The End of the Day just didn’t work for me. I knew almost from the beginning that it was a mistake buying it as an audiobook, but persevered in the hope that things would improve. They didn’t.
I have every faith that read in physical form, it would be a much different experience. But The End of the Day is so fragmented – frequent chapters are made up of snatches from dozens of conversations – that it’s hard to concentrate on without having a copy in front of you. This inevitably lead to frequent frustration, and goodness help you picking the thread back up again should you drop it for twenty seconds.
I loved Claire North’s last novel, The First Fifteen Lives of Harry August. So much so, that quite often during The End of the Day I wished I was listening to Harry again instead. It’s not that End doesn’t have an equally cool premise – here we follow Charlie, a bog-standard Brummie who happens to pick up work as the Harbinger of Death. As you do. Death’s office is situated in Milton Keynes for goodness sake, and if that doesn’t sound as excellent a premise for a novel as you’ve ever heard then okay, but I don’t believe you.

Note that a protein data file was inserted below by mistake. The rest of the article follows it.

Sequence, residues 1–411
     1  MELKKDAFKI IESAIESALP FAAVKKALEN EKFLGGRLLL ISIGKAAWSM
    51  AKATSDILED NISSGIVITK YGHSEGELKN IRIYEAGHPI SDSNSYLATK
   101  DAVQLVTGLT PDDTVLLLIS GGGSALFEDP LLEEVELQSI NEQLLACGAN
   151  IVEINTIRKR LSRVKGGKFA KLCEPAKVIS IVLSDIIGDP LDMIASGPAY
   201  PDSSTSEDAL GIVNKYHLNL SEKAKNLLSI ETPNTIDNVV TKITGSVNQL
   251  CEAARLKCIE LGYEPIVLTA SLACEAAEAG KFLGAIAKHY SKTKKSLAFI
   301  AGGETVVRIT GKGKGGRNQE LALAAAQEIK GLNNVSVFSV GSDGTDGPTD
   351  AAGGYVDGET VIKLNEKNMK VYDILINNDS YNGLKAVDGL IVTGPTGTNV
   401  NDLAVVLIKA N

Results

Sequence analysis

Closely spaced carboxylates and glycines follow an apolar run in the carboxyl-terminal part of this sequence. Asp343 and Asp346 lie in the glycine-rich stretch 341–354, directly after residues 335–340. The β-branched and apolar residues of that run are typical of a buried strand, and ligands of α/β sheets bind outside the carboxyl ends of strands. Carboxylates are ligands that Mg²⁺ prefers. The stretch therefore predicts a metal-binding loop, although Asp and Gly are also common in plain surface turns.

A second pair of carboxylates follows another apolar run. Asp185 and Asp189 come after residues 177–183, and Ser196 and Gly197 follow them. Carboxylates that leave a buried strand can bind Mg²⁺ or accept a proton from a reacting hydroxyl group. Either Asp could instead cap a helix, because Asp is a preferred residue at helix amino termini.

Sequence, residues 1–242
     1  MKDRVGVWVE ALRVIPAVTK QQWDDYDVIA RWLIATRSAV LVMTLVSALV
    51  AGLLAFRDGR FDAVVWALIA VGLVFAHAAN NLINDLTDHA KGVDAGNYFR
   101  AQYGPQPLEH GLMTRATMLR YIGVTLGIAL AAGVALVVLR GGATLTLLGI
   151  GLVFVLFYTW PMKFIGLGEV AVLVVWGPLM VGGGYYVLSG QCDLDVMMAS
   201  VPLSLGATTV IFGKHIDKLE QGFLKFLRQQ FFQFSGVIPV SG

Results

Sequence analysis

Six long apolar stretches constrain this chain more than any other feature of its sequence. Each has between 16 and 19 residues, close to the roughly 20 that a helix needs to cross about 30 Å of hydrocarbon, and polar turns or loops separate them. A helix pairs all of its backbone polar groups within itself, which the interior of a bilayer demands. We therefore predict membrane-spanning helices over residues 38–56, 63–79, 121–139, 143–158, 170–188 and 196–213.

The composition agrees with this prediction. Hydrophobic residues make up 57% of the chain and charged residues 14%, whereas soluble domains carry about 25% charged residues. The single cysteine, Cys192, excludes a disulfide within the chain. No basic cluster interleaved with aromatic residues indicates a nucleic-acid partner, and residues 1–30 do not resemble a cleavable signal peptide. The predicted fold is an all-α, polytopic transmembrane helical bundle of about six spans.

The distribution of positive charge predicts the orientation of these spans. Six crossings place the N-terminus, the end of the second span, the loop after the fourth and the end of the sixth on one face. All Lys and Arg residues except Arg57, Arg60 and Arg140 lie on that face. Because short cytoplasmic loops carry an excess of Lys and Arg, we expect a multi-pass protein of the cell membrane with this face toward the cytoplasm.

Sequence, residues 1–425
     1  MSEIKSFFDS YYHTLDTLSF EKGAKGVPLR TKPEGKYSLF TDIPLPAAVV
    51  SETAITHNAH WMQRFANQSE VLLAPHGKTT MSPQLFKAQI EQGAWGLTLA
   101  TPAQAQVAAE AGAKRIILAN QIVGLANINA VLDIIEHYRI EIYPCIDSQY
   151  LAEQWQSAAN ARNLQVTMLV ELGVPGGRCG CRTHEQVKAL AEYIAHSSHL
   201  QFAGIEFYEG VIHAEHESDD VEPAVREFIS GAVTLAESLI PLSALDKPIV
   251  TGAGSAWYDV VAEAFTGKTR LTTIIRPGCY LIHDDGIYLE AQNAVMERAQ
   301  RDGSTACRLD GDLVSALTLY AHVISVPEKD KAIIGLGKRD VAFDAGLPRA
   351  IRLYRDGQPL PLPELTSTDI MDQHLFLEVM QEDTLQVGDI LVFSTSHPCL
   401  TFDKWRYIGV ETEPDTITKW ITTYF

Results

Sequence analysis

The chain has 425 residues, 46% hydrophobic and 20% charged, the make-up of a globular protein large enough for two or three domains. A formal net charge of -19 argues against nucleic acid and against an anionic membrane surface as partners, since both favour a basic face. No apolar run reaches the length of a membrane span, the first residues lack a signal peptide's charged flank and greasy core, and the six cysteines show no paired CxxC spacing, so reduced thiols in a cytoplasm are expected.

Peter Kenny’s narration probably contributed towards my malaise – he has a fairly monotonous tone, and so rarely bothered to give Charlie a Birmingham accent that on the occasions he remembered, it was entirely jarring. It got to the point that – although I always start my mornings with either an audiobook or music while I get ready – I actively started listening to news podcasts instead of playing this. I had to force myself to potter through the last two hours just so it wasn’t lingering around unfinished anymore.
As scathing as this review must sound, I’m sure there will be people who love this book – people it speaks to, people it moves. Sadly, the only thing it moved me to was the off button.
[Read from 12-30 April 2017]